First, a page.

Lesson 1: Put long term plans and processes in place for identification and development of talent– as seen from the establishment of the Stellenbosch training base for the 7’s.
Lesson 2: Identify and fast track the development of players with immense talent; ex. Damian Willemse, Galant, Bosch, Ox Nche, Rohan Janse van Rensburg, Nkosi, etc. and get them involved in the national set-up and exposed to advanced training and grooming opportunities– the role done by the Sevens academy in their system.
Lesson 3: Re-capture the buy-in from the rugby watching public by cultivating an open, approachable set-up around the Springbok team rather than smoke and mirror excuses in post-match media conferences and certain players clearly being selected merely as window dressing– the Blitzbokke are loved and respected not only for their results but the spirit in which they play the game and carry themselves on and off the field.
Lesson 4: Regardless of what it is going to be exactly, create a national rugby culture and start filtering this through to different teams and levels – at Seven level any player stepping into the first team knows and understand his role in the side and the style and gameplan that will be implemented.
Lesson 5: Sevens can magnify skills development.Expose players to Sevens rugby as part of their development. Imagine what Powel’s skill-focussed training could do for the likes of Damian de Allende or Rohan Janse van Rensburg.
There are without a doubt lessons that can be taken from Sevens and utilised in the fifteen-man format. But please don’t get me wrong –men like Zelim and Hanrick hit the nail on the head when they say that there is a huge difference between Cecil Afrika running circles around Spain and Branco du Preez lacing up his boots for Super Rugby duty. Yes for 90% of the current crop of Sevens players this is the pinnacle of their rugby careers. Afrika has been found out in REAL rugby and a Kolbe or Branco can’t just be shifted to scrumhalf due to their lack of size since number 9 is a specialist position requiring technical skills such as a bullet pass and an educated boot – not something you pick up in a few weeks of training.
Yet Fiji have a culture of Sevens in their country and only later moved to fifteen-man rugby. Many of these players have proven that it is possible to make such a switch. Remember the big difference between Kiwi players and the rest is that that have physical specimens who also have incredible skill – why then would South Africans shy away from the opportunity of using Sevens to also help sculpt these types of athletes in our country.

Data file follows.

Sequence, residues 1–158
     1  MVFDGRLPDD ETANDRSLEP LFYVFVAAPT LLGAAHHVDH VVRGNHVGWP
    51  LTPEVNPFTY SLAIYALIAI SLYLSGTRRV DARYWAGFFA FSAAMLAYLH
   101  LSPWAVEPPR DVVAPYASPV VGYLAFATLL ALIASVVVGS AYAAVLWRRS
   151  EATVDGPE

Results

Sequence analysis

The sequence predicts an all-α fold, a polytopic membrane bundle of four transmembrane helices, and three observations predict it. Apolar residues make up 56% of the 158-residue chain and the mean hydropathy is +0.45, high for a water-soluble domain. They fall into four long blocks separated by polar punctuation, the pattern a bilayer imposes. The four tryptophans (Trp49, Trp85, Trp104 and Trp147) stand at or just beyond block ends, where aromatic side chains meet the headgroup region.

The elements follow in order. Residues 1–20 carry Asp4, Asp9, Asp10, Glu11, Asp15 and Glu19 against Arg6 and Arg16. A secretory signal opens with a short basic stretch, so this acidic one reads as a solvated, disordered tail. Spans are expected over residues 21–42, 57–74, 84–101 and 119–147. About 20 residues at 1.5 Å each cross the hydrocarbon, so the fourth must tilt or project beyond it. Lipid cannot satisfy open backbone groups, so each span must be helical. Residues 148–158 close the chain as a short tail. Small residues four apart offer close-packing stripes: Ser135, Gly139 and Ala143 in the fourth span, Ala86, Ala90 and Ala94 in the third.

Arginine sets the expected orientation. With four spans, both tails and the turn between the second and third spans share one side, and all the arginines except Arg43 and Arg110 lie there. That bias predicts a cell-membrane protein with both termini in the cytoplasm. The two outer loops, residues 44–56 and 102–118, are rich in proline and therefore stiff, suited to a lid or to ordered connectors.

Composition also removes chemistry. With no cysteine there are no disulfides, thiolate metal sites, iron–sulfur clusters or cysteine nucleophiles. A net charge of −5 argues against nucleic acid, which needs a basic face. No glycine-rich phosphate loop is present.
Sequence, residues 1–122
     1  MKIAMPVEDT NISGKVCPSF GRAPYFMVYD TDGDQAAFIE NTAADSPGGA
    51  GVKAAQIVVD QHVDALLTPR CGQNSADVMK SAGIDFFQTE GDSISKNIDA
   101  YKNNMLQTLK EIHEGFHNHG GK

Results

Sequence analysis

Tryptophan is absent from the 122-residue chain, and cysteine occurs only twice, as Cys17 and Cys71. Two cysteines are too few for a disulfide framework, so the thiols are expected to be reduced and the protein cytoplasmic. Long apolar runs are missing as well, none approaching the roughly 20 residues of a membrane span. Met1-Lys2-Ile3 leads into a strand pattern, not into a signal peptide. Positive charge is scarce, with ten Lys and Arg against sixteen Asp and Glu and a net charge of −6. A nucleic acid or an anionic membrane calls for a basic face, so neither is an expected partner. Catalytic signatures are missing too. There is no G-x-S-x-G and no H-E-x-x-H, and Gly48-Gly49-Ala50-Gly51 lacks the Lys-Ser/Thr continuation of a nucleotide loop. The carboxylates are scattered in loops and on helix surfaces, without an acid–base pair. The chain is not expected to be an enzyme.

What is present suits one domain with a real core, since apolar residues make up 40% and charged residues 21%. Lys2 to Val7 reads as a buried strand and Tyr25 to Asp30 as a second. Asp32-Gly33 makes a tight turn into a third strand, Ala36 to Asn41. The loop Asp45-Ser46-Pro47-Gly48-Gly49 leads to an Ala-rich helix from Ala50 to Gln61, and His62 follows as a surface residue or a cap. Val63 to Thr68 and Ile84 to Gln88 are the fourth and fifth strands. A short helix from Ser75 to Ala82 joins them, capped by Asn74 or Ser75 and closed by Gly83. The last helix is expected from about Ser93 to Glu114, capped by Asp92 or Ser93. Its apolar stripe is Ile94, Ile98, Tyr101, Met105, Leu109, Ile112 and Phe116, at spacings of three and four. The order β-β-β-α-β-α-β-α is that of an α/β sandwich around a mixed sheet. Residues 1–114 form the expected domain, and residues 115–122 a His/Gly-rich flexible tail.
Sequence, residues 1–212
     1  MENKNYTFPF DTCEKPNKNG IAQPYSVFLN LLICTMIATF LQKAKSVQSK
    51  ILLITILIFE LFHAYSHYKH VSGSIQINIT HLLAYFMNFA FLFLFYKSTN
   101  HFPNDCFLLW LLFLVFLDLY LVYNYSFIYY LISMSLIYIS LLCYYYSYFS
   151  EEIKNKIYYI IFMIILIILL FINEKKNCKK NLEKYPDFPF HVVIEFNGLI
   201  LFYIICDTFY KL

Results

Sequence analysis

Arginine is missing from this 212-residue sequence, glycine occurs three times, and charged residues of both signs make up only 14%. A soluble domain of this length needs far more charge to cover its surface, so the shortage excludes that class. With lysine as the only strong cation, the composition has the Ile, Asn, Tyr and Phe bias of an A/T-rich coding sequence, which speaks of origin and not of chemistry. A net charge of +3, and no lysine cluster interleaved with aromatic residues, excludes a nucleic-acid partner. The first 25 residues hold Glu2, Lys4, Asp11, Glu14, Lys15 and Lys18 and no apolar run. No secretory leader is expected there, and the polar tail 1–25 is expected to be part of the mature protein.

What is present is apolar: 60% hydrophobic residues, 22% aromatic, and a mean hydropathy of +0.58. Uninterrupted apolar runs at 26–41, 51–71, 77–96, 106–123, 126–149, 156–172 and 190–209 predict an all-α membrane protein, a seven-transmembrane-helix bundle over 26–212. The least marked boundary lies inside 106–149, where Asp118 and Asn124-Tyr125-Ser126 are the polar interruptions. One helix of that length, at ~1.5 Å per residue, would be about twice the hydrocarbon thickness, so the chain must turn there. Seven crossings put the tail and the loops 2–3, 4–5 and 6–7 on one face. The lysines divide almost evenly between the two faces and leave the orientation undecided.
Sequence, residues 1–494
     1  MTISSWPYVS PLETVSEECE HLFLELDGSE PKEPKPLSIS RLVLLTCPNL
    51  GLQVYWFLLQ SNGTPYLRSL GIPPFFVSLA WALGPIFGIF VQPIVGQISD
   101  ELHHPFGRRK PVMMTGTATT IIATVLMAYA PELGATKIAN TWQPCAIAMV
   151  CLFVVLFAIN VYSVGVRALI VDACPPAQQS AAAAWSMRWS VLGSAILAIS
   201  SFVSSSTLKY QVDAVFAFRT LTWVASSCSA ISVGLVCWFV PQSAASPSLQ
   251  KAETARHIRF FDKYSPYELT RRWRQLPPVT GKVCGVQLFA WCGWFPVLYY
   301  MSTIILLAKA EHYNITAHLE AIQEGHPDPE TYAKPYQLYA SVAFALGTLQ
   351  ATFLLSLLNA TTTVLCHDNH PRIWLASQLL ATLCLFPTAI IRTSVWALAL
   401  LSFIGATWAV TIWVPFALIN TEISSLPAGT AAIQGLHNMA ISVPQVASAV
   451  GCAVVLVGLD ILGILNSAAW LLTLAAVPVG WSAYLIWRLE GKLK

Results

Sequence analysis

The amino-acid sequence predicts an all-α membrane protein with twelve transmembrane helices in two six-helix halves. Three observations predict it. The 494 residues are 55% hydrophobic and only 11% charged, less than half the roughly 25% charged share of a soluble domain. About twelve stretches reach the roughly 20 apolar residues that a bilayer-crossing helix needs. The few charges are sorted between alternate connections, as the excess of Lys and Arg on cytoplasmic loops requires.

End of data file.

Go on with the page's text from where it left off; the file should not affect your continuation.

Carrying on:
I dream of a South Africa where we have big lads like RjV and DDAin our backline who have an eye for space as well as silky smooth skills to complement their undoubted power. Then add the traditional strong Saffa tight five; hard as nails loosies in the mould of Thor Vermeulen and little Akkies; throw in some speed from Nkosi, Mapimpi, Senatla; and sprinkle some special flair ala Galant, Willemse, Kwagga and surely the future could only be bright.
EVERYTHING OF THE BEST TO MY SPORTING MATES
May the round ball hit the back of the right net for Chris and @goodforthegame in the new year and here’s to plenty of big numbers crossing the whitewash with @BrentGraham’s obligatory shirt buys. I trust the ponies will perform for @AlanMoscropand may @bingo47111 have some ammo left after all his 7 days of Christmas Takealot gifting purchases.@GarthRidgway and @Sean_Nicholas all the best with never walking alone…For myself, @GreggMac11 and @muzzaPeace we can only hope the 2018 version of the Sharks gives us something to smile about.
See you all next year for some more rugby rants!
Who is Couch Critic?
Hein Diemont is the resident “Couch Critic” in the Goodforthegame Forum and he shares his weekly Super Rugby Blog the “Post Match Scuffle” or “PMS” with us.
In his blog Couch Critic channels his usual weekend swearing, ranting, cheering, whinging and bickering to the written word. Brutally honest opinions of how the Super Rugby action went down from his perspective – no punches pulled, it’s PMS time…